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MEEKER | The transition from eighth grade to freshman year is one of the hardest to make. Not only do classes and grades drastically change, so does the whole social atmosphere. To help accommodate with the big jump, Meeker High School’s National Honor Society (NHS), has created a program to help the incoming freshman.
Addie Joy, a senior and current NHS president, came up with the idea to try out the program L.E.A.N, which stands for Loyalty, Excellence, Attitude and Nurture. The juniors and seniors who qualified to be in NHS are paired with one or more freshman students that became their buddy. The goal is to be someone that the underclassmen can trust to come to for help on homework, or advice on how they managed to make it through freshman year. The “big buddies” are encouraged to check in with their freshman whenever they feel the need to. Members of NHS also encourage their buddies to reach out if they ever need help or extra advice with something.
After talking to some freshman I decided that this program has helped them, more than I initially thought. The people that I talked to thought the program not only helped with school related problems such as grades or maybe homework, but also with the stress of jump between the two schools. One freshman said that the program is good for the kids that don’t have friends that are upperclassman, so having a buddy that’s already gone through this already is a big stress reliever. Another said that it’s helpful to have someone so that they don’t end up feeling overwhelmed and when they do, they can go to their buddy for a pep talk and advice on how to not feel so overwhelmed.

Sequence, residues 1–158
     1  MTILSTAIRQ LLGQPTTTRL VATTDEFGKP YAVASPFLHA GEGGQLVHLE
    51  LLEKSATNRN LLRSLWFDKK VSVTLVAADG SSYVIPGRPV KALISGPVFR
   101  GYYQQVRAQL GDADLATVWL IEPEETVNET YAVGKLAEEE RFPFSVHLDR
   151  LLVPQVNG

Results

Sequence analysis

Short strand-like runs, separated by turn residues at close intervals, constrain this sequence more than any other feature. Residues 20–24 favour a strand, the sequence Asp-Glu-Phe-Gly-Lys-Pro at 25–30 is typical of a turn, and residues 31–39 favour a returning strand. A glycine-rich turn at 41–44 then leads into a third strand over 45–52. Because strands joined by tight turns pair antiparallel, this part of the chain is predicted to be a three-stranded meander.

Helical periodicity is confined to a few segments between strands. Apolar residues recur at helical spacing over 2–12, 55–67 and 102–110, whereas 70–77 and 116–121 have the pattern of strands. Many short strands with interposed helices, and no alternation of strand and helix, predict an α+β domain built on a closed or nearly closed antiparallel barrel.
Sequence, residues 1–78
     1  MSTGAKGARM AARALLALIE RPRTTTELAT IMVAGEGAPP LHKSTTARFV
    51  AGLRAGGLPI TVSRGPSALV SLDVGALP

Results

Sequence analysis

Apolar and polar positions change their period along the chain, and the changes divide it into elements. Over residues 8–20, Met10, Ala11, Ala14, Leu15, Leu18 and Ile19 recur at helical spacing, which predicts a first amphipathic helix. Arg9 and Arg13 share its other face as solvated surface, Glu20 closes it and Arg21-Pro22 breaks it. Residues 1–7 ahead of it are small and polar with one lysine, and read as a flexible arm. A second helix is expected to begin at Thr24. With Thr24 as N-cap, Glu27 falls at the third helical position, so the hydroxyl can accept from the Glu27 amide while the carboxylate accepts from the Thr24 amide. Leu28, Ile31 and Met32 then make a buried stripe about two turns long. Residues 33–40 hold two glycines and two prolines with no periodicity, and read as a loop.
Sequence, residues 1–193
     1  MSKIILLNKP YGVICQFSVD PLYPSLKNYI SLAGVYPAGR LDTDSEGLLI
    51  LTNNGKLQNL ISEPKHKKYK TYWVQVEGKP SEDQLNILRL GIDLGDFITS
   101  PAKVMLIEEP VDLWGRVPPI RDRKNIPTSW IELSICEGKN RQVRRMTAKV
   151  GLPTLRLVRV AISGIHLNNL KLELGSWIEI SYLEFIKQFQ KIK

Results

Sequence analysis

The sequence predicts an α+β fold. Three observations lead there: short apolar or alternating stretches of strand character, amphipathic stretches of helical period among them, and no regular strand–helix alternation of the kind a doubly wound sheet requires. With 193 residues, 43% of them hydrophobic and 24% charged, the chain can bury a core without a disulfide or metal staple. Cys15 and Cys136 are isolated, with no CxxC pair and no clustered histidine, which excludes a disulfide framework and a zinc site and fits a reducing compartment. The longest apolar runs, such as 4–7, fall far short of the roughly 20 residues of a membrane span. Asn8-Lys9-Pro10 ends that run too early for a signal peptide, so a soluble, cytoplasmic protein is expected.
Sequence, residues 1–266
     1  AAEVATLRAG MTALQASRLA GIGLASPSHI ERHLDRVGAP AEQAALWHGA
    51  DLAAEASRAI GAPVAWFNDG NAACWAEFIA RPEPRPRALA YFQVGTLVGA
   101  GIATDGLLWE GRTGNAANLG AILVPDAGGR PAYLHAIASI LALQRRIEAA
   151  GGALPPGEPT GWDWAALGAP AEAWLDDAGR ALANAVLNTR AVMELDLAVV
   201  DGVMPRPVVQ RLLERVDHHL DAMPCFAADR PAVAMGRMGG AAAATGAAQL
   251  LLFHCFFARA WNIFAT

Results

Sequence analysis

I also talked to some upperclassman in NHS to hear their thoughts on the program. Most said they would have benefited from this experience their freshman year. Whether it was help on how to manage grades or advice on the social aspect of high school. There were some who said their freshman year was pretty manageable and didn’t think they would have benefited from this program. That being said, there are still a lot of kids that this program would have helped if they had it two or three years ago.
Hearing from both sides of the program made me wonder if this program is here to stay, or if it is just a one time thing. When I asked this question both freshman and NHS members said that they would like to see this program continue on in Meeker High School. Overall, the freshman that I talked too came to a consensus, that if it helped them, they don’t see why it wouldn’t help the incoming freshman of 2020. NHS members seemed to agree with this thinking, saying that they would like to see the outcome of this program in the future and hopefully make a positive impact on Meeker High School.
By SOPHIA GOEDERT | Special to the HT